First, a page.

Croatia sees a demand for salespeople six times higher than the demand for developers

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in Career Compass

It sounds absolutely mind-boggling, but one of the most interesting news this week comes from Croatia, and it’s all about how “Programmers are now far from the top of the most in-demand professions”. At the very top of the list, the most sought-after professions are salespeople, teachers, cooks, waiters and storekeepers. Developers are in 27th place, far from the top. This is shown by the analysis of the Online Vacancy Index (OVI), which was shared by the Economic Institute Zagreb in cooperation with the “MojPosao” portal.

Developers weren’t at the top of the list last year as well, but they were significantly higher on the list of the most sought-after job profiles. Developers fell from the 11th to 27th place, according to the report, which was published in October. This is the second year in a row that developers are the record holders for the number of places they have lost on the list.

Some of the analysts who worked on the research explain that the report might be based on an anomaly. Companies looking for programmers know that it is difficult to find them, so they have recently been using other channels for finding workers, outside formal advertisements. But on the other hand, there are claims that excessive salaries, unproductiveness and layoffs from the giants are taking their toll. This branch reorients itself to other employment channels before other professions. While experts suspect that this might be the reason for the drastic drop in 16 places, they nevertheless agree that the indicators do in fact suggest that the general demand for developers is declining.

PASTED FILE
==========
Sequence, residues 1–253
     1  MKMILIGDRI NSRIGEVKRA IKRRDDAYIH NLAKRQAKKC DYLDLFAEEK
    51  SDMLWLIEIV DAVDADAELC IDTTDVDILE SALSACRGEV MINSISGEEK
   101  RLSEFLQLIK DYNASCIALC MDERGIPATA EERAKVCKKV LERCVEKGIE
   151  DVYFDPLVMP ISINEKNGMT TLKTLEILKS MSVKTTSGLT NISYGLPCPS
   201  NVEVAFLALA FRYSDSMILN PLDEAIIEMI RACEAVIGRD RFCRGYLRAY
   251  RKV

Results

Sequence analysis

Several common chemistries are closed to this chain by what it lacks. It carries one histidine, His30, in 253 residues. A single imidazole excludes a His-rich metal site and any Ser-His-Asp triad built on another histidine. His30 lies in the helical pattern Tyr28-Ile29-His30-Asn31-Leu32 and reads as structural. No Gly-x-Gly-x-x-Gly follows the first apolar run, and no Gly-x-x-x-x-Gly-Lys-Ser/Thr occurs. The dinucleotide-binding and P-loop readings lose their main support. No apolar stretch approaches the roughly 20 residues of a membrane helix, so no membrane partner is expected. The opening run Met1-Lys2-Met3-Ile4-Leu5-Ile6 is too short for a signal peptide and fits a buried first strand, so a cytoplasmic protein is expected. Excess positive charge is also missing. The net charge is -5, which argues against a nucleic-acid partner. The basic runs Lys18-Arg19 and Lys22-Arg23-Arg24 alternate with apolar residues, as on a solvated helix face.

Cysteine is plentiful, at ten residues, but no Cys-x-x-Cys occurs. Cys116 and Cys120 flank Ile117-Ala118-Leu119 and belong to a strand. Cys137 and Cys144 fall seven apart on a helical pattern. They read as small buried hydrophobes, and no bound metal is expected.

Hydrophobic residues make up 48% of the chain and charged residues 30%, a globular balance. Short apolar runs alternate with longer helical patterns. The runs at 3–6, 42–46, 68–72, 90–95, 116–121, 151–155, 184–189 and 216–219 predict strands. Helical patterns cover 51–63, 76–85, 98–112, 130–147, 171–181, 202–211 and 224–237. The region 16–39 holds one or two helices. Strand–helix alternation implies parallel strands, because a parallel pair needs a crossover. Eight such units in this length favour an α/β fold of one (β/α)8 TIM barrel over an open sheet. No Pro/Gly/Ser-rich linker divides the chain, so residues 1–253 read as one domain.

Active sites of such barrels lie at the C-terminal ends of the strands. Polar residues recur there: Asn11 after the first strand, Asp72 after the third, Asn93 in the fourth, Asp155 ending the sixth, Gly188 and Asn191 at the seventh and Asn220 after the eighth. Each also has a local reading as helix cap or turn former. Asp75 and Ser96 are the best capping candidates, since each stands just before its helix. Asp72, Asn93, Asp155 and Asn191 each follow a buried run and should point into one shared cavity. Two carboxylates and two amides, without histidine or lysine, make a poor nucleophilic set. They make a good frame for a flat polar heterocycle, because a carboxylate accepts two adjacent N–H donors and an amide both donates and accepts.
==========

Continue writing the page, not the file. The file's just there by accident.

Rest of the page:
In October, for example, only 150 IT programmers were wanted in Croatia. At the same time, companies were looking to employ 1 000 salespeople and 300 cooks, waiters and storekeepers.
The type of work has changed. I wouldn’t say the sector is in crisis, but the economy has shifted and focused on the lower profile of software development services. Part of the demand is changing due to artificial intelligence itself, which fills the gaps – says Marina Tkalec, an analyst from the Zagreb Economic Institute for

Obviously, artificial intelligence, which is now changing entry positions in the IT sector, plays a crucial role in all this. It will be interesting to see how artificial intelligence will shape the entire sector in the coming years.

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